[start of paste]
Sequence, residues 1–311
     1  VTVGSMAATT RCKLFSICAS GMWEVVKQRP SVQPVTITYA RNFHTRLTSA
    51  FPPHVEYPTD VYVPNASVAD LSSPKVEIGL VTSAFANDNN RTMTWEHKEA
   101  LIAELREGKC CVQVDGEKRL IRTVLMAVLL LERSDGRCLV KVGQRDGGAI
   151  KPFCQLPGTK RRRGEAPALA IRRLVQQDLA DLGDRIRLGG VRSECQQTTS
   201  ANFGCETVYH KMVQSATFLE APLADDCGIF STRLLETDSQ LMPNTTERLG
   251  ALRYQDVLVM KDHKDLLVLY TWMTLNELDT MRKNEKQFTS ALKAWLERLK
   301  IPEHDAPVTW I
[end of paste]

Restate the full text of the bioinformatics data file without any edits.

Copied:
Sequence, residues 1–311
     1  VTVGSMAATT RCKLFSICAS GMWEVVKQRP SVQPVTITYA RNFHTRLTSA
    51  FPPHVEYPTD VYVPNASVAD LSSPKVEIGL VTSAFANDNN RTMTWEHKEA
   101  LIAELREGKC CVQVDGEKRL IRTVLMAVLL LERSDGRCLV KVGQRDGGAI
   151  KPFCQLPGTK RRRGEAPALA IRRLVQQDLA DLGDRIRLGG VRSECQQTTS
   201  ANFGCETVYH KMVQSATFLE APLADDCGIF STRLLETDSQ LMPNTTERLG
   251  ALRYQDVLVM KDHKDLLVLY TWMTLNELDT MRKNEKQFTS ALKAWLERLK
   301  IPEHDAPVTW I